Six Key Student Loan Forgiveness and Repayment Dates to Write Down Now

Six Key Student Loan Forgiveness and Repayment Dates to Write Down Now June 30, 2023

Original article by: Adam S. Minsky, Senior Contributor – Forbes

Student loan borrowers have a lot to juggle right now. The student loan pause is ending soon, and millions of borrowers will be returning to repayment for the first time in over three years. Meanwhile, the Supreme Court is about to rule on President Joe Biden’s sweeping student loan forgiveness plan. And other major Biden administration student debt relief initiatives are set to go into effect in a matter of weeks. Keeping track of key dates and deadlines in the current environment can be daunting. Here’s a breakdown of six key updates.

  1. Supreme Court Decision Coming on Biden’s Student Loan Forgiveness Plan

The Supreme Court will be issuing a widely anticipated decision on Biden’s landmark student loan forgiveness plan, which would discharge $10,000 or $20,000 in federal student loans for most borrowers. The program has been held up for nearly a year due to legal challenges.

The Court’s next opinion release date is Thursday, June 22, and the decision could very well be released then. There are no further opinion release dates currently scheduled on the Court’s calendar. However, there are around 20 Supreme Court rulings from this term that will need to be released before the justices’ recess in July, and it is becoming increasingly possible that more opinion days will be added to the calendar later this month.

  1. Sweeping New Student Loan Forgiveness and Repayment Regulations Go into Effect In July

Significant new rules overhauling a vast array of federal student loan forgiveness and discharge programs are set to go into effect on July 1. These new regulations will impact many popular programs including Public Service Loan ForgivenessBorrower Defense to Repayment, Closed School Discharges, and the Total and Permanent Disability discharge program. For the most part, the changes to existing rules will broaden access to these programs and, in some cases, expand relief. The new regulations will also impact other aspects of the federal student loan system. In particular, the new rules will limit interest capitalization triggers, which can cause a borrower’s outstanding accrued interest to be added to their principal balance. This can lead to more interest accruing over time and can have a compounding effect, causing enormous balance increases over time.

  1. First Student Loan Forgiveness Under IDR Account Adjustment Expected Starting in August

The Biden administration is in the early stages of implementing the IDR Account Adjustment, a one-time fix to income-driven repayment programs that can allow borrowers to receive retroactive credit toward IDR student loan forgiveness terms (which are typically 20 or 25 years, depending on the specific plan). Borrowers who receive enough IDR credit to reach the threshold for loan forgiveness can expect to have their balances fully discharged, even if they aren’t currently in an IDR plan. According to the Education Department, borrowers who reach their 20- or 25-year loan forgiveness milestone by August 1 should have their balances discharged within the subsequent two or three months.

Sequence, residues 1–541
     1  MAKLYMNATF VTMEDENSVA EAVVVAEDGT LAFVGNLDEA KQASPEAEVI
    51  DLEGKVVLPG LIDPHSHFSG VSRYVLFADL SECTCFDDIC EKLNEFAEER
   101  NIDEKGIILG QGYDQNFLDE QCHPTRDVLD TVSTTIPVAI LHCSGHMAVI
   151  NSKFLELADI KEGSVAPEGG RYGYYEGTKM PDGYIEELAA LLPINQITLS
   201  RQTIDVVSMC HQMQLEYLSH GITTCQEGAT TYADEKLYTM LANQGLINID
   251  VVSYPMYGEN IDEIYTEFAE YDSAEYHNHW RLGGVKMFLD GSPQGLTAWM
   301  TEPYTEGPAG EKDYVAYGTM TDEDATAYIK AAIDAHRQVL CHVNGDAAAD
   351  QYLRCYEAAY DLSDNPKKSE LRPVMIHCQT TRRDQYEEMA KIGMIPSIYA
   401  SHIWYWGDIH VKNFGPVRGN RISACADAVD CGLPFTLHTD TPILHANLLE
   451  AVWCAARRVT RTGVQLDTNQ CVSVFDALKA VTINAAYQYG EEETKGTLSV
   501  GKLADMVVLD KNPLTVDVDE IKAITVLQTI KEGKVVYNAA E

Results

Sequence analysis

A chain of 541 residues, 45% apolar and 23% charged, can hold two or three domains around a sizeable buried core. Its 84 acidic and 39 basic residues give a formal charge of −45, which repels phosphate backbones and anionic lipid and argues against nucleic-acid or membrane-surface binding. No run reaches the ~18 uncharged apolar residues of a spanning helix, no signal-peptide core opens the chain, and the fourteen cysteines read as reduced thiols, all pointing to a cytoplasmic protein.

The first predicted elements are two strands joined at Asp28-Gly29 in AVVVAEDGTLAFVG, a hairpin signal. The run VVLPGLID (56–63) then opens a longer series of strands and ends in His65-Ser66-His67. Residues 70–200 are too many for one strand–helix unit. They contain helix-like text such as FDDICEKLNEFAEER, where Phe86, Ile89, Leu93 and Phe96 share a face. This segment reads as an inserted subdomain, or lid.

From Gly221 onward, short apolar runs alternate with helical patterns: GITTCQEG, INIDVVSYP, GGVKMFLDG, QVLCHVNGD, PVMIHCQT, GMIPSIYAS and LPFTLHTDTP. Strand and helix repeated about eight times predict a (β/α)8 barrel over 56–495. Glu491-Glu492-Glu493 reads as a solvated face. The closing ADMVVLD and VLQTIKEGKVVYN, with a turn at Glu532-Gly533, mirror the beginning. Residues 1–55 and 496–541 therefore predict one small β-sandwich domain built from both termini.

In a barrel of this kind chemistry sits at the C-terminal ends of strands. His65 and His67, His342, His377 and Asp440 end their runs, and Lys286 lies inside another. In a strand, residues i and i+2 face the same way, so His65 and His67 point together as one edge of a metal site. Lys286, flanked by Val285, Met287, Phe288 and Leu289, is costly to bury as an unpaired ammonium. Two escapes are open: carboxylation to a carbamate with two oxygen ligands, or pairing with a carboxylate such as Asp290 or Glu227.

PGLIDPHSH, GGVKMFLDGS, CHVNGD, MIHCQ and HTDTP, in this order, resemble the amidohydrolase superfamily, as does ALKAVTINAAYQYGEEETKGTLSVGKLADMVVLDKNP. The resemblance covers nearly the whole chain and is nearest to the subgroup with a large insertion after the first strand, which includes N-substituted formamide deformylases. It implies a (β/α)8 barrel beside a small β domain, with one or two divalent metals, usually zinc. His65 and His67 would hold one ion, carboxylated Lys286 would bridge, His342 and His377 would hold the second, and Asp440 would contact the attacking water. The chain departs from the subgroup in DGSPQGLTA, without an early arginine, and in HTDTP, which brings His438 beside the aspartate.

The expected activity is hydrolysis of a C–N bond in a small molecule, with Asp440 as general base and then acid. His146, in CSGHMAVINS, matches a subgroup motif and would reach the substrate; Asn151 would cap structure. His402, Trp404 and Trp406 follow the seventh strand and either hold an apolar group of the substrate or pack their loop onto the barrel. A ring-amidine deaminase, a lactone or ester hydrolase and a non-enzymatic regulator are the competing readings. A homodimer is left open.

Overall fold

1. Interest Freeze from Student Loan Pause Ends in September

After President Biden signed a federal spending bill, he negotiated with House Republican leaders to raise the debt ceiling, the ongoing federal student loan pause is officially ending by the last day of August. Barring a new national emergency, Biden will not be able to extend the student loan pause again. According to the Education Department, interest is expected to start accruing again on federal student loans on September 1. Interest rates for most federal loans (which usually have fixed interest rates) should revert back to whatever the rate was prior to the student loan pause going into effect. For borrowers who consolidated their loans via the Direct consolidation loan program during the pandemic, the interest rate for the consolidation loan would be fixed at the weighted average of the underlying loans’ rates, rounded up to the nearest eighth of a percentage point.

  1. Student Loan Payments Resume in October

The student loan pause technically expires at the end of August. However, it will take some time for the Education Department and its contracted loan servicers to generate and send out billing statements to borrowers. And under federal law, borrowers need a sufficient time window to make their payments after a billing statement has been issued. The department expects the first payment due dates after the student loan pause ends to be sometime in October.

  1. Key Student Loan Forgiveness Deadline for IDR Account Adjustment in December

The IDR Account Adjustment will be implemented automatically for borrowers who already have government-held federal student loans. But some borrowers may need to consolidate their loans via the federal Direct consolidation program in order to qualify or maximize the available benefits. This includes borrowers with commercially held FFEL program loans, borrowers with any FFEL loans who want to pursue Public Service Loan Forgiveness, and borrowers with individual loans that have vastly different histories and loan periods. The deadline for consolidating loans to benefit from the IDR Account Adjustment is December 31, 2023. Borrowers pursuing PSLF should also be sure to submit the required PSLF employment certifications before this date, as well.

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